Andrew Brown


Andrew married Mary Robertson in 1849 in Wiston and Roberton, Lanark, Scotland.  Their marriage record reads:

Brown – Andrew Brown in the parish of Wiston and Roberton and Mary Robertson in the parish of Sanquhar after proclamation of bans were married June * 1849.

Andrew and Mary had a son, William Brown, in about 1850.  Record not yet searched for.

Andrew and Mary’s second son, Alexander Robertson Brown – my 3rd great grandfather, was born in 1851 in Pettinain, Lanark, Scotland.  His birth record reads:

Brown – Alexander, son of Andrew Brown and Mary Robertson, was born 27 September and baptized 2 November 1851.

A third and final son, Andrew Brown, was born to this union in 1853 in Covington and Thankerton, Lanark, Scotland.  The record reads:

Brown & Gilchrist – Andrew Brown, son of Andrew Brown & Mary Robertson, Mainz, was born 27th Octr 1853, & baptized 6th Novr 1853.

Further research on Mary and the children reveals that Mary went on to have one illegitimate daughter in 1857  before marrying again in 1859.  She had three children with her second husband.  Mary’s death record reveals that she is the widow of 1 – Andrew Brown, Ploughman and 2 – Edward Wallace, Game Keeper.  Using the information gleaned from Mary’s life I was able to narrow down a possible window for Andrew’s death date.  Searching for Andrew Brown is similar to searching for James Young – lots of results.  But in Andrew’s case I have the added difficulty that he died before Civil Registration began in Scotland so the record would be found in the OPR – Old Parish Registers.  These records are far less detailed.  I did find one record in Covington and Thankerton I thought might be a possibility.  It reads:

1854;  Octr 26 – Andrew Brown, Mains – aged 25

That is frustratingly all it says.  Based on my previous research, it seems Mains or Mainz is a road or place – possibly a farm – within Covington and Thankerton in the county of Lanark in Scotland.  Because Andrew’s youngest child was born in the same place one year previously I felt this was a potential match.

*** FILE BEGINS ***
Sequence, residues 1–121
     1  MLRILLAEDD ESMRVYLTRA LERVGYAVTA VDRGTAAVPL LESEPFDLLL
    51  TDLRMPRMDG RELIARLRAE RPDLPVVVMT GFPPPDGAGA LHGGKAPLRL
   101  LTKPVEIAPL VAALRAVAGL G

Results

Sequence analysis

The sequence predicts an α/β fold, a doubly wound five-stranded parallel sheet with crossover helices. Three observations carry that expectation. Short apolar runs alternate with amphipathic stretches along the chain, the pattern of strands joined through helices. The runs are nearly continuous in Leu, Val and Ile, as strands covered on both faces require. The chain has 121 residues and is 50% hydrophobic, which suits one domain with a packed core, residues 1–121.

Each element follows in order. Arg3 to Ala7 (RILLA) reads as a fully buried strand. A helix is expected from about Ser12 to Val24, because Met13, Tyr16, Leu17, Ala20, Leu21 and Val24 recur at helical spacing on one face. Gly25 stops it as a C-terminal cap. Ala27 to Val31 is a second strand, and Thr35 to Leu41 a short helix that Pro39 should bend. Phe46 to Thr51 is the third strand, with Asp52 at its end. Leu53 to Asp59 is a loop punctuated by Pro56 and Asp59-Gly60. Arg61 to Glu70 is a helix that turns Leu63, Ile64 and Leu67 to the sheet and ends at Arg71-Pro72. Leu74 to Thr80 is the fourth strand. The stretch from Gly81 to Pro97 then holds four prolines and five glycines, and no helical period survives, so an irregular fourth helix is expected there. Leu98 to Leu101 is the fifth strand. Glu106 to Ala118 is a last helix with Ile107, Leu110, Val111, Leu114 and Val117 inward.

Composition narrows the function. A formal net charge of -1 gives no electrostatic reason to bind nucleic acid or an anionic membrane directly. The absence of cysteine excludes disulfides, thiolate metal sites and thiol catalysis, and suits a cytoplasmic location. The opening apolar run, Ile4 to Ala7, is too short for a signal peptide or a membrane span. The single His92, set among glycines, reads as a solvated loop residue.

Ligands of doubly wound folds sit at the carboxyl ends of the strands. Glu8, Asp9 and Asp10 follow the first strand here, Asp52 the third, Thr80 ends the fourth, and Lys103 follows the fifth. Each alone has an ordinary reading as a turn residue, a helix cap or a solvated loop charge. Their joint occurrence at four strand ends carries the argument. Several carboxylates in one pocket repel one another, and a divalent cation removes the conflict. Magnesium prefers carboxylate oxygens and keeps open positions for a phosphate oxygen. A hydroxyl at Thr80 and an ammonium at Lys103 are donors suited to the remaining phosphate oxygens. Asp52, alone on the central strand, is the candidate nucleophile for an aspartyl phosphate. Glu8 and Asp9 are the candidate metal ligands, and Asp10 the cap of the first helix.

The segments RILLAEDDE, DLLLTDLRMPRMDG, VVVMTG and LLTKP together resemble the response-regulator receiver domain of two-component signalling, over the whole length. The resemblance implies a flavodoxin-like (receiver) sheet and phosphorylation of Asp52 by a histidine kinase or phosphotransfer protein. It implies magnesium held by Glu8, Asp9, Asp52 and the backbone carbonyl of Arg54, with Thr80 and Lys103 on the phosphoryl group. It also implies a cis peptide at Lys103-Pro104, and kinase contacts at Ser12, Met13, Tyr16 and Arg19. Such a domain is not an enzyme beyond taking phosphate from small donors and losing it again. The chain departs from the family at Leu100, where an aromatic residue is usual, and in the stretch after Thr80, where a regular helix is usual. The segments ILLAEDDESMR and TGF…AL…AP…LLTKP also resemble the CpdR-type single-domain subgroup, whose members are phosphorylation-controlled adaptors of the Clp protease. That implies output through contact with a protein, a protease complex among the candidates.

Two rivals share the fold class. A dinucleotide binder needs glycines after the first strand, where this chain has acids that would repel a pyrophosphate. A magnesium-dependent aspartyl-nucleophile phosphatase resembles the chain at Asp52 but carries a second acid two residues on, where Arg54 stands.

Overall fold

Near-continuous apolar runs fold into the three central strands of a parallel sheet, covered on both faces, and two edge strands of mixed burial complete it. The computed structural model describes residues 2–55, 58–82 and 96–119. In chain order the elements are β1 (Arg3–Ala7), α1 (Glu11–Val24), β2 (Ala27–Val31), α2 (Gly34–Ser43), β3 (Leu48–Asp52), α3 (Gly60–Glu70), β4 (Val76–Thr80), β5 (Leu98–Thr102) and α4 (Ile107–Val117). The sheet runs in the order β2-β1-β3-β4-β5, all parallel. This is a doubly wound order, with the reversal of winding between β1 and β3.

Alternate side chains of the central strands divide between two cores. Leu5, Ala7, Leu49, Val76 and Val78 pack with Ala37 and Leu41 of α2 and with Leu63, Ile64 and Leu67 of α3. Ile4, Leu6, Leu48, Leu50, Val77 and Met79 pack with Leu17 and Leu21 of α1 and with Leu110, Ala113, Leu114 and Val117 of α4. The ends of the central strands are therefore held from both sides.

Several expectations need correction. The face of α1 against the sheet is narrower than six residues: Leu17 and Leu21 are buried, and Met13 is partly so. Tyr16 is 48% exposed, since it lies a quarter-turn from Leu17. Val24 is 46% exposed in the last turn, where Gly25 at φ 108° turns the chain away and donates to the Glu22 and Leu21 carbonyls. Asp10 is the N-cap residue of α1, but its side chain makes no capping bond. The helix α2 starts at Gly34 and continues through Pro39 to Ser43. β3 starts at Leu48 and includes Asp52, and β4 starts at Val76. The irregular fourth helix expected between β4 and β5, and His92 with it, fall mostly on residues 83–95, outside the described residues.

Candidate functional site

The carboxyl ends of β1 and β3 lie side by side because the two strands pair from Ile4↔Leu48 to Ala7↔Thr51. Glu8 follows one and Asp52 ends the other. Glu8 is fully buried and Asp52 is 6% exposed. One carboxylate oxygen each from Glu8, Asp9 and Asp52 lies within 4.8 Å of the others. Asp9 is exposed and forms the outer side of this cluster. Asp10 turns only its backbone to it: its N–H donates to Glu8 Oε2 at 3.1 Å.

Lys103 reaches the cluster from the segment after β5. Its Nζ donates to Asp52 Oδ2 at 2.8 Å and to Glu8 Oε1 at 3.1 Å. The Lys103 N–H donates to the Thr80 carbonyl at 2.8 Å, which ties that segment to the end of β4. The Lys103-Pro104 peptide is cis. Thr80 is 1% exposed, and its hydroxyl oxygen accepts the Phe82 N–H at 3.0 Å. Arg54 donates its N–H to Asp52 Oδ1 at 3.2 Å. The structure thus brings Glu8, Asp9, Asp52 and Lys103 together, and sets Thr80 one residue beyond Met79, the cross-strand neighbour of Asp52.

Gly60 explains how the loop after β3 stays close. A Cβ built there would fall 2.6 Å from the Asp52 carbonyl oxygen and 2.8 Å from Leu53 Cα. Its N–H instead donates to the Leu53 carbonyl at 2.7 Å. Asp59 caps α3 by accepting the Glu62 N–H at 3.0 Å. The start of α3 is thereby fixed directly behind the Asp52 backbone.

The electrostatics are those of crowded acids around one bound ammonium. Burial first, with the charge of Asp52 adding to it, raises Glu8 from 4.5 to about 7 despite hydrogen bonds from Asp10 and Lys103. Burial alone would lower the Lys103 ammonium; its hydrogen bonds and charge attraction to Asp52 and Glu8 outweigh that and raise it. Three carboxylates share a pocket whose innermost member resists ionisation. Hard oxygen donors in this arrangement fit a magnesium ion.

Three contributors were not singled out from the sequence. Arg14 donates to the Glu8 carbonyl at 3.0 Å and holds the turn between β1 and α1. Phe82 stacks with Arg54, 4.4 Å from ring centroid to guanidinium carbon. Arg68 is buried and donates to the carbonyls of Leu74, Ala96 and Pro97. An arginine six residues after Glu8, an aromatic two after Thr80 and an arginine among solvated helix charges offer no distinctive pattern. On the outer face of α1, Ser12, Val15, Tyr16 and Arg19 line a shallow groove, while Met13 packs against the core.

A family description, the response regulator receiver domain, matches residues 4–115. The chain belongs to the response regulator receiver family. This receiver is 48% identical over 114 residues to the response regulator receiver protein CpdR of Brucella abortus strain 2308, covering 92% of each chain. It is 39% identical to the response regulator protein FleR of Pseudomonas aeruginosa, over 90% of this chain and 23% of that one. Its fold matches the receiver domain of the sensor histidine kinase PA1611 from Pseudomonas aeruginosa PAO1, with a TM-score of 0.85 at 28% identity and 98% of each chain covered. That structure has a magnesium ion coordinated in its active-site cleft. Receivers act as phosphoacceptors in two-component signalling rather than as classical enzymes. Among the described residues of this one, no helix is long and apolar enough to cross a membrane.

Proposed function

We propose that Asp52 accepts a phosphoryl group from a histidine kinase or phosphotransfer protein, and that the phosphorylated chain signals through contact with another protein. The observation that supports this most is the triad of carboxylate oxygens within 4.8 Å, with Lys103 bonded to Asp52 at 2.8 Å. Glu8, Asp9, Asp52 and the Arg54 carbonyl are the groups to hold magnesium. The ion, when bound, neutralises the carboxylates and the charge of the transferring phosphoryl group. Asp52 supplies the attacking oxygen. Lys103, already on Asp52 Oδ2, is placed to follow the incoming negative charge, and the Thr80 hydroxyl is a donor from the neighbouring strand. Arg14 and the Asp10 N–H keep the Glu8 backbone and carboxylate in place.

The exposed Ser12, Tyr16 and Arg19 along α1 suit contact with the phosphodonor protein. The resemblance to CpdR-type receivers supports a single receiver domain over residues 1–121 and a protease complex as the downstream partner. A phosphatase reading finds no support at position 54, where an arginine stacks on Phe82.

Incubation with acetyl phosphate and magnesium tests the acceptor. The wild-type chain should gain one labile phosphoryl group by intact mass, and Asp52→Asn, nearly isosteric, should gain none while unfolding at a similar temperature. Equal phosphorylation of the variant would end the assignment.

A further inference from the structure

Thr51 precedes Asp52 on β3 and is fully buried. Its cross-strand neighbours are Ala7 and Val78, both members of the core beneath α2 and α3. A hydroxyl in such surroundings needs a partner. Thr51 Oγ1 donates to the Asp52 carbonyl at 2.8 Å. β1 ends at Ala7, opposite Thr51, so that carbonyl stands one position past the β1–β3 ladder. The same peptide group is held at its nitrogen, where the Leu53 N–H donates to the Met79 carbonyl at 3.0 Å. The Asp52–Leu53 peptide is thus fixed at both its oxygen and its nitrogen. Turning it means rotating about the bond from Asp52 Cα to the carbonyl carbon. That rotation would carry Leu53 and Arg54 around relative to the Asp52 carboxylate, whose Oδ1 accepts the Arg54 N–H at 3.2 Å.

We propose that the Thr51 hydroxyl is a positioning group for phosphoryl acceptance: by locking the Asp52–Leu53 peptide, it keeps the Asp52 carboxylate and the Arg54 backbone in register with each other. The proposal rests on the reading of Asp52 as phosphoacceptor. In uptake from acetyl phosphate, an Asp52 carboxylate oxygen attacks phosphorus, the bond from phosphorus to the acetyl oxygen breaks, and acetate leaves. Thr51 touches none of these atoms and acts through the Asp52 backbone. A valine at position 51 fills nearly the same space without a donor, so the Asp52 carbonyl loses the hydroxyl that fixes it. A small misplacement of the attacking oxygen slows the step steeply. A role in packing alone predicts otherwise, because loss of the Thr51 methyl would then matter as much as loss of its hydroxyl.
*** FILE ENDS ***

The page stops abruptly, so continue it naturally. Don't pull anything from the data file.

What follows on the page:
So what do I do with this limited amount of information?  Well, here is my plan:

  • Because Andrew and Mary were from two different parishes I believe there will be a marriage record or proclamation record in her parish as well.  I need to find that record.
  • I need William’s birth record.
  • I need to learn more about Covington and Thankerton, the history, study the maps, figure out what ‘Mains/Mainz’ means and so on.
  • I plan to revisit the results list for possible death records for Andrew to see if the record I believe is his death record is the only possibility.  If not, I need to study the others and determine which record is a match.
  • Once I decide on a death record, I can use the age to approximate a birth year and then search the Wiston and Roberton OPR for Andrew’s birth record.  This step is likely the only hope of finding his parent’s names.  I am fairly certain his father was named William Brown as Andrew and Mary appear to have followed the Scottish naming pattern.  I hope to find Andrew’s birth record and see if I am correct.
  • And lastly, I need to find Andrew in the 1841 and 1851 Scottish Census.

While I don’t know much about Andrew, I do know that he lived part of his life in a beautiful place.  I know he was a Ploughman so he spent most of his time outside where he could enjoy the beauty of Covington and Thankerton.  His life may have been short, but he has a large posterity.  William had 11 children that I know of.  Alexander had 8 children.  Andrew had 5 children.  I haven’t completed descendancy research on William and Andrew.  Alexander has 153 descendants that I know of but my descendancy research is far from complete.  That means Andrew has at least 169 descendants.  For a man who likely died in his twenties with only 3 children, I think that is quite a lot!


Thankerton photo originally posted here.